So on our twentieth anniversary, Andrew and I will take our thirteen-year-old “baby” to a movie and sit in comfy theater seats eating too-buttery popcorn. We will remember two much younger versions of ourselves who had much less defined perspectives on life and faith and the world and realize how we’ve grown since then and how far we still have to go. Maybe we will remember to let other people mature as well, to let them experience the love of God, the space to grow, the freedom to question, and the power that comes from the knowledge that they are loved.

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Religious Freedom and Jesus

picA few months ago, I had a conversation about posting controversial conservative viewpoints on Facebook. In the conversation, the other person said that she felt compelled to stand up for her beliefs and her rights as a Christian on Facebook and in other public forums. She said that this was her duty as a Christian. Since then, my home state of Indiana has passed the infamous religious freedom law that has brought them to the forefront of the nation’s attention and has flooded my Facebook feed with all sorts of opinionated talk.

Growing up in the Bible Belt in a conservative home, I was faced with this stand-up-for-your-rights point of view quite a bit. I saw a lot of loving, kind people reject anyone different. I saw people hide their real beliefs because they were different from what other Christians believed and they didn’t want to rock the boat. I saw my friends pushed away from Christianity because of differing points of view. I am convinced that church people did this out of a sense of conviction that good Christians did not support anything sinful and out of a lack of understanding of how to accept people who are different while allowing those differences to exist. People feel that in order to love someone they need to reject the things about them that they think are bad and this will somehow show them the error of their ways and turn them to the path toward godly behavior.

In the Gospels I read about Jesus’ ministry and how he did not stand up for his rights at all. In fact, he didn’t stand up for his rights so much that he let people murder him. I think there’s one major passage in the Bible where he does talk about Christians standing up for their rights, and that’s in the Sermon on the Mount. There he says that his followers should give up their natural rights in order to love other people. You want revenge? You have a human right to revenge. However, as a Christian, give up that right and love your enemy instead. That over-the-top love is what turns people toward Jesus and not away from him.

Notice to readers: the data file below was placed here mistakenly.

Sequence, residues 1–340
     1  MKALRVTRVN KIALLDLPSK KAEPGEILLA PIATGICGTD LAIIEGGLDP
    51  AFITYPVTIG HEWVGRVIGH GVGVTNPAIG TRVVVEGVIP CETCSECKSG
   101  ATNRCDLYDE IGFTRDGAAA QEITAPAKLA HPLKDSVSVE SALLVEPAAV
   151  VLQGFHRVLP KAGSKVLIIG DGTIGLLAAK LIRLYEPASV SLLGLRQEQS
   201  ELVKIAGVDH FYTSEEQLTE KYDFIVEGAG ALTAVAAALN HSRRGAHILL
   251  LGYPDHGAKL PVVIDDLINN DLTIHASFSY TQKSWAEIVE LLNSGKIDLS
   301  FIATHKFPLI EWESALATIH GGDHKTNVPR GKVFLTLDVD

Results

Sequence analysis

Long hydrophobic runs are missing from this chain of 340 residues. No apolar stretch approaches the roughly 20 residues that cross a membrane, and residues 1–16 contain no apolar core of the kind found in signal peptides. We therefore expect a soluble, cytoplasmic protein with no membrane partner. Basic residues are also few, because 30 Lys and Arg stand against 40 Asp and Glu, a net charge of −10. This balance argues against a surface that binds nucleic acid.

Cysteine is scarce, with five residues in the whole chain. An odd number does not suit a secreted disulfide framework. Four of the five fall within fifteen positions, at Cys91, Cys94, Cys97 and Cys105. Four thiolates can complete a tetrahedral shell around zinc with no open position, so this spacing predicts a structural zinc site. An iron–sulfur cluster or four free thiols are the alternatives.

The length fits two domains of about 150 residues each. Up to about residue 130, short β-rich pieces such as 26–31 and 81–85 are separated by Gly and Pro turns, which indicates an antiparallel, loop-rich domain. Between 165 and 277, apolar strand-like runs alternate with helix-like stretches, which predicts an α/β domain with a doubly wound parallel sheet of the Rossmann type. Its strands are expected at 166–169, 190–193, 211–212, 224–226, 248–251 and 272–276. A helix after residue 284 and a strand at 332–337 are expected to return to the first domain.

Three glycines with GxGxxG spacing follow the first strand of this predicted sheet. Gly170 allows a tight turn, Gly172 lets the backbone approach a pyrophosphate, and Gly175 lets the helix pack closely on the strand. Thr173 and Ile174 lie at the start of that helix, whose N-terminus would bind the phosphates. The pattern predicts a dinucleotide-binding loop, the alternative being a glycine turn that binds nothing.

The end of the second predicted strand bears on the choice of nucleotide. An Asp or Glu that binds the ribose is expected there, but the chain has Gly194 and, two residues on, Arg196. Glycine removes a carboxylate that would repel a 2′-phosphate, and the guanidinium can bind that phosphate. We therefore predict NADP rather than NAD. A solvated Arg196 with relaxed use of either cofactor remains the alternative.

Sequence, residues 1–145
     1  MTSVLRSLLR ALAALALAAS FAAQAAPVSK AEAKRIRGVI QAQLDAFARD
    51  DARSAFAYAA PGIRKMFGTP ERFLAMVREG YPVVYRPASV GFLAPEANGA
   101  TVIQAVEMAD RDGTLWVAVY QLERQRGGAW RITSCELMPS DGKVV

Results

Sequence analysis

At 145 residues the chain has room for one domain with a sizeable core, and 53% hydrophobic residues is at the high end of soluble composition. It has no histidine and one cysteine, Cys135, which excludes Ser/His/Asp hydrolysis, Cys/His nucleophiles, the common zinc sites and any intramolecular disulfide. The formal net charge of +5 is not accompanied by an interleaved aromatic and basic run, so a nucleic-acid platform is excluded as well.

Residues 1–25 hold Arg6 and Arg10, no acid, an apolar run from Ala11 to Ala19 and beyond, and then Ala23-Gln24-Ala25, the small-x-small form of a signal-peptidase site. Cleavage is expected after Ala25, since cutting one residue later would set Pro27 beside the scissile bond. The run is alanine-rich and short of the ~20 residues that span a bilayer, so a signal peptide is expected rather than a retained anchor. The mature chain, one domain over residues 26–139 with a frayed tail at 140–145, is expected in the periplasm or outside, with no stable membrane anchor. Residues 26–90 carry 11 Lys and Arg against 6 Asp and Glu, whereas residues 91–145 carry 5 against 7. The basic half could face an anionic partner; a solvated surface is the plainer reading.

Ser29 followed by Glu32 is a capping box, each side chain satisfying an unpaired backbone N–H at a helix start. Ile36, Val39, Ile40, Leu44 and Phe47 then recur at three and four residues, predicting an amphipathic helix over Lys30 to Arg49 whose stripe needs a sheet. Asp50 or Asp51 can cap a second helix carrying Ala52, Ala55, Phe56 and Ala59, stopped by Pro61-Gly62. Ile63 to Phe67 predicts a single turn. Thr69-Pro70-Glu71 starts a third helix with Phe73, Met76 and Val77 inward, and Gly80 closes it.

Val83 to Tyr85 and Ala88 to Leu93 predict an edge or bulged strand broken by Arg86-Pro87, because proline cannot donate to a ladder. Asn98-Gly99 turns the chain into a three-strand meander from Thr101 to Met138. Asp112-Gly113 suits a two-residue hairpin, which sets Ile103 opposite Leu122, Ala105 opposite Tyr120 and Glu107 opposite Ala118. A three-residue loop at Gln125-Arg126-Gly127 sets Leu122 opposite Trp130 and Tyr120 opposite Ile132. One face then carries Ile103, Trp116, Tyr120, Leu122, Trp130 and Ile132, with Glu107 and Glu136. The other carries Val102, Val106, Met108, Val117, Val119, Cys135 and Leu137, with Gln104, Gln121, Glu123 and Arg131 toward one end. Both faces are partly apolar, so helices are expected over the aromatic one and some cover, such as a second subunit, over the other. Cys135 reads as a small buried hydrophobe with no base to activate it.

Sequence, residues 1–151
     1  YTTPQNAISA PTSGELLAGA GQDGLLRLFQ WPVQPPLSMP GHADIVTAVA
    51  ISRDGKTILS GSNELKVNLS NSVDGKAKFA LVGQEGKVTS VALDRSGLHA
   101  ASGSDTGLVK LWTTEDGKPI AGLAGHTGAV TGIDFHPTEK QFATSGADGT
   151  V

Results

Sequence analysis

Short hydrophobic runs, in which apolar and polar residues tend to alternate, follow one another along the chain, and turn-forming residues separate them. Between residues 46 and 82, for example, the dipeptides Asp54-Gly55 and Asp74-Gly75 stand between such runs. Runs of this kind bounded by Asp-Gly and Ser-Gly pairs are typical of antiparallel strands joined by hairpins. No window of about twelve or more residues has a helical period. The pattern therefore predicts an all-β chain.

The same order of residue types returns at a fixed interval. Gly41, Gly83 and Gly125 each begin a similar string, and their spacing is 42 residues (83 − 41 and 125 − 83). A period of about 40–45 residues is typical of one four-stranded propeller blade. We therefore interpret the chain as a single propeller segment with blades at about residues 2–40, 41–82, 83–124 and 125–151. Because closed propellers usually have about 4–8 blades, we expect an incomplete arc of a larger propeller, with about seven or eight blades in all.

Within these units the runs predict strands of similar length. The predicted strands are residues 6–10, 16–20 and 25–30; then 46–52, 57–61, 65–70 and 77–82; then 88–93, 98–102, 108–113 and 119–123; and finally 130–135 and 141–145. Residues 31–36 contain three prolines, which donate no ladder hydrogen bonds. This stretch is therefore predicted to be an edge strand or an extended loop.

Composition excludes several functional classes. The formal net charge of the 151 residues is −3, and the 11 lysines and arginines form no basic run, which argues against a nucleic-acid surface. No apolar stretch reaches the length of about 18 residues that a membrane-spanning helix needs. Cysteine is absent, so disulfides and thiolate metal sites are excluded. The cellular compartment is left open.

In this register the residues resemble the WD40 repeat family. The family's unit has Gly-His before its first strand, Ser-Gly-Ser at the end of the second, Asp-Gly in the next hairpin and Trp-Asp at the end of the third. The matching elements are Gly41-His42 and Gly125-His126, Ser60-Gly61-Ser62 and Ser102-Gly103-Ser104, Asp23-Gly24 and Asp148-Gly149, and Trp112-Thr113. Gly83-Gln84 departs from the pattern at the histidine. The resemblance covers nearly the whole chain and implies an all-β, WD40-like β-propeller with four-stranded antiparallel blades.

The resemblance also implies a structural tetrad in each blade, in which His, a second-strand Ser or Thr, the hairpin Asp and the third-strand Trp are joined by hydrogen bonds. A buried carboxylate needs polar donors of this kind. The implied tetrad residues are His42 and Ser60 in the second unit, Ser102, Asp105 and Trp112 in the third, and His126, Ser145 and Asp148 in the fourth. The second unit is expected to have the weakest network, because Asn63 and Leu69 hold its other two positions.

In the controversy over religious freedom laws, it seems that there are actually two separate things happening. There is a desire for freedom as Americans. As an American, I want my freedom to worship, my freedom to believe whatever I want to believe, and my freedom to tell the world about that belief. That is my right as an American, as long as I’m not putting someone else’s life in danger.

However, I feel the tension between demanding those rights and the second idea–showing the love of Christ. I must be careful not to mix my freedom as an American with my faith. I may have a right to turn someone away based on my religious beliefs, but is rejecting them the best way to show the love of Christ to them? What if I decided that I would pay particular attention to the gay community and provide fantastic service to them in an effort to show love to a group of people who has been rejected repeatedly by those who follow Christ? I’m not saying anything at all about whether I agree with them, but as human beings I care about them.

I see the focus in this religious freedom issue shifting away from Jesus and onto our rights. From the viewpoint of the non-Christian segment of America, we Christians spend more energy advocating for our right to refuse service than we do on loving other people the way Jesus did. We get caught up thinking that part of our duty as Christians is to stand up for God, as if our willingness to be outspoken for our faith is a test of our spiritual maturity. In reality, our faith is tested by our willingness to love like Jesus did. The New Testament says “they will know you are Christians by your love,” not by your right to religious freedom.

So in this case where Christians are faced with serving people who are different from rainbow cakethem and live in ways they think are wrong, maybe the way to deal with those situations according to Jesus’ teachings is to make sure they have the best service possible. If you’re a wedding photographer and a gay couple asks for your business, make sure you give them the best photos ever. If you’re a baker, make the most beautiful cake. People who don’t and who reject the business of the gay community lose the rather rare opportunity to show extravagant Christlike love to a group of people who has only been repeatedly hurt by the Christians they know. This may mean a loss of support from your Christian friends, but, hey, those are people who have experienced God’s love before. If we care about reaching those who do not know Christ, maybe it’s time to stop focusing so much on our rights as American citizens and start focusing on loving the ones Jesus loves.